This was something I noticed already in the mid 1980s when I attended Paco Penas school in Cordoba... the classical players all had substantial nails (for the era) and the Flamencos played with generally much shorter...not all, of course, but it seemed most preferred short nails.rojarosguitar wrote:...BTW some of great flamenco players - not long ago the domain of nail mania almost - play with quite short nails. Recently I took part in a workshop with Antonio Rey, who is one of the young (or maybe not anymore so young) kings of picado and a great flamenco player - very short nails!
I recently had an experience with a nail-less professional lutenist playing one of my period guitars (he also plays 19th century guitars) and after we discovered the proper strings to suit his style and taste, I was astonished at the volume he could get out of the guitar. It is a different tone, of course, but honestly I have not heard one of the particular model guitars of mine played louder and with such little effort needed to achieve that volume.scy932 wrote:Some guitarists play without nails but with nails you can increase the volume of the guitar.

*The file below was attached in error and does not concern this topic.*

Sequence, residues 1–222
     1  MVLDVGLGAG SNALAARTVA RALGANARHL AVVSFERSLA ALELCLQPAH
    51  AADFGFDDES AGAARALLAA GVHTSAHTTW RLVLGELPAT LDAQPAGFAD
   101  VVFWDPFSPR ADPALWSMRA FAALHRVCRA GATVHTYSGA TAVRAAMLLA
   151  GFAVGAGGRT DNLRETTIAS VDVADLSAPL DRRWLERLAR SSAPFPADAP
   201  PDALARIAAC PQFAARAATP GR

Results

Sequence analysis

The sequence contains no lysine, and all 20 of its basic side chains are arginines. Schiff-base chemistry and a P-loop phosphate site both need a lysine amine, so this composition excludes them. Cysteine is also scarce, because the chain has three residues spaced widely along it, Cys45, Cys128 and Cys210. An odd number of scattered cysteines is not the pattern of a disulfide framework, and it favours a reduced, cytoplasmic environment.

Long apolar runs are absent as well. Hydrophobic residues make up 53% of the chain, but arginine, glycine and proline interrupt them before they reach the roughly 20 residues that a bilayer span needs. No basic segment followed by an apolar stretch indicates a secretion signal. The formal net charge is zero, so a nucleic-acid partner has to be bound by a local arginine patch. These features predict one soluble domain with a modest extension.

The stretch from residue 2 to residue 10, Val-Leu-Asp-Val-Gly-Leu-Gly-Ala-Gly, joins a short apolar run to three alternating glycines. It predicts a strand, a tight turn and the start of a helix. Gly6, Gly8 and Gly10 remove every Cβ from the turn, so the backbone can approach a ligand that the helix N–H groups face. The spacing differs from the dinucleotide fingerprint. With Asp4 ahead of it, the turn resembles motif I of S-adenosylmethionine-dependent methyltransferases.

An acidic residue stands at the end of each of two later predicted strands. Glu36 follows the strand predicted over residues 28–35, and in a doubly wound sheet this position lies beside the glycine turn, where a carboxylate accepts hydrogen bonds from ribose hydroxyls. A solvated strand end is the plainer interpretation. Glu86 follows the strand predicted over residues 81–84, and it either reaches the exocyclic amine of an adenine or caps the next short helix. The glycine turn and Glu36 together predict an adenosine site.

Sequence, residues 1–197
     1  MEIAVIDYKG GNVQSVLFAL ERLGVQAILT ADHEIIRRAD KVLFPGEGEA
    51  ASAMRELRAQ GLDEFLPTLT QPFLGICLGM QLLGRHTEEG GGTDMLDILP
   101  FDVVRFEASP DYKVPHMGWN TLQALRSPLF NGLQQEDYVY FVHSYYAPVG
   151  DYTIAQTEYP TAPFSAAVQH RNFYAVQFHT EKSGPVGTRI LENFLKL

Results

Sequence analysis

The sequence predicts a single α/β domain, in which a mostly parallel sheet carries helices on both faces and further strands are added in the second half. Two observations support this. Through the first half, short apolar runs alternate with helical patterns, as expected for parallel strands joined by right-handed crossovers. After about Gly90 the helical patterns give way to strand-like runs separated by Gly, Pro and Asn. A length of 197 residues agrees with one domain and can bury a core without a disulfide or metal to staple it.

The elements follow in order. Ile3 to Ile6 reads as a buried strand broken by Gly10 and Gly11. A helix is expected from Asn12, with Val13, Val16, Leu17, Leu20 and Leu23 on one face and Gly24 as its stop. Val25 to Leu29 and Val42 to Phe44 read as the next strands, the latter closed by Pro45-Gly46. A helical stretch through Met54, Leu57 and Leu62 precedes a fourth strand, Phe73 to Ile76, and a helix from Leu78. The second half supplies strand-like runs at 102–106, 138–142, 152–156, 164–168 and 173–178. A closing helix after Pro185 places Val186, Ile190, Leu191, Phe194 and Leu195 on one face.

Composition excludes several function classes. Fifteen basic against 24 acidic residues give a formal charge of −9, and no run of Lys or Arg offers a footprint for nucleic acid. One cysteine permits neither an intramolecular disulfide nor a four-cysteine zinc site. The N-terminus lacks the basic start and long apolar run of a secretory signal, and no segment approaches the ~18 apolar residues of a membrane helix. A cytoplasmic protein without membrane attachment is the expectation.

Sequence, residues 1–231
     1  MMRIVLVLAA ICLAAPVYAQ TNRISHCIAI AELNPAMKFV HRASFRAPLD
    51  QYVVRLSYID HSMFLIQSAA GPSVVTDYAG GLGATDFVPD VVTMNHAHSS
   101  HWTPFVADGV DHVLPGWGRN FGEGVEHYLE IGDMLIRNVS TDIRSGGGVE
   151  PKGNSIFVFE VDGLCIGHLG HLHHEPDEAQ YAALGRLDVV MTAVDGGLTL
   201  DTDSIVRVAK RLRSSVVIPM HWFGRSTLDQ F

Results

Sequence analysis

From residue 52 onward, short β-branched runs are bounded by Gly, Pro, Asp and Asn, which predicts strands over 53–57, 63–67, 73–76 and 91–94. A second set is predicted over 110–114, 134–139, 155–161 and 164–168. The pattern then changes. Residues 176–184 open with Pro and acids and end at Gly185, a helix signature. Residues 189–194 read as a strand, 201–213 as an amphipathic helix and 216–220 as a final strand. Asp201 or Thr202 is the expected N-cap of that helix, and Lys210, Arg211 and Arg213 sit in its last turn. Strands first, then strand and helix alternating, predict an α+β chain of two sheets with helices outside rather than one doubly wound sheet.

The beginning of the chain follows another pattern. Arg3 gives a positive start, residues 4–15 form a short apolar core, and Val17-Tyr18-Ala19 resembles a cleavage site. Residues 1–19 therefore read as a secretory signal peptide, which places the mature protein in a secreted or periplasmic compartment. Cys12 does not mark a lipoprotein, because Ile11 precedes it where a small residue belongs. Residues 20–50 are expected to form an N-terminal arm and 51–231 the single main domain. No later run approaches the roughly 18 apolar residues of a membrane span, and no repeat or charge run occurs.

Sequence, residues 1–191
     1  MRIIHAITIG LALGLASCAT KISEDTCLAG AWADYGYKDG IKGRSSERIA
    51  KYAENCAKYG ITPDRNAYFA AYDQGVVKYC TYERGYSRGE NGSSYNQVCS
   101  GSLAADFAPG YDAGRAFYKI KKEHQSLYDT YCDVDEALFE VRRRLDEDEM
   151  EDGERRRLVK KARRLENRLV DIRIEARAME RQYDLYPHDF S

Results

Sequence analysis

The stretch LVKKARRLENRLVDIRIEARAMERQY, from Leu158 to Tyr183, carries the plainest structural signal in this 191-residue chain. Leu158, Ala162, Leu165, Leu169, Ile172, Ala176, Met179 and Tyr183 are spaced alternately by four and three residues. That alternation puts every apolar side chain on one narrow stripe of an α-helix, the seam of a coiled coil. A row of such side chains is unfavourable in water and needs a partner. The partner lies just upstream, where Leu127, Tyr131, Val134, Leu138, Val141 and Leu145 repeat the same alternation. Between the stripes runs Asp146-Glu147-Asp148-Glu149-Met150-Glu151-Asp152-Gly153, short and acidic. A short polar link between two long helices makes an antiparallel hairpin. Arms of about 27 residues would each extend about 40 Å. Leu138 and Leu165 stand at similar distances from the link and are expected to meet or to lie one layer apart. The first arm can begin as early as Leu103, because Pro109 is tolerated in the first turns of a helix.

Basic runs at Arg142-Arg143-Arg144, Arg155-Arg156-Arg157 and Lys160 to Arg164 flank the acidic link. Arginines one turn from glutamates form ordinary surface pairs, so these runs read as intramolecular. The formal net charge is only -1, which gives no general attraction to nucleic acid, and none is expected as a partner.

I'm astonished to see Sharon Isbin listed there Rob. In the photo of her in the SoloEtte advert her nails are much longer than mine!RobMacKillop wrote: I am in the process of creating a website devoted to no-nails classical guitar playing.
Indeed. I was interested that she mentioned the need to toughen RH callouses after taking nails down. I had a week without nails for my videos on the Batov, and was surprised how sore the tips sometimes felt. I'd have thought they'd be OK after all the soft stuff contacts the string normally anyway. Maybe the crucial bit is the portion of skin where the nail ramp carries the string away. With the nail absent, that portion is then the last, perhaps more pressurised, portion to contact the string.RobMacKillop wrote:Undoubtedly she has tried, used and enjoyed playing without nails.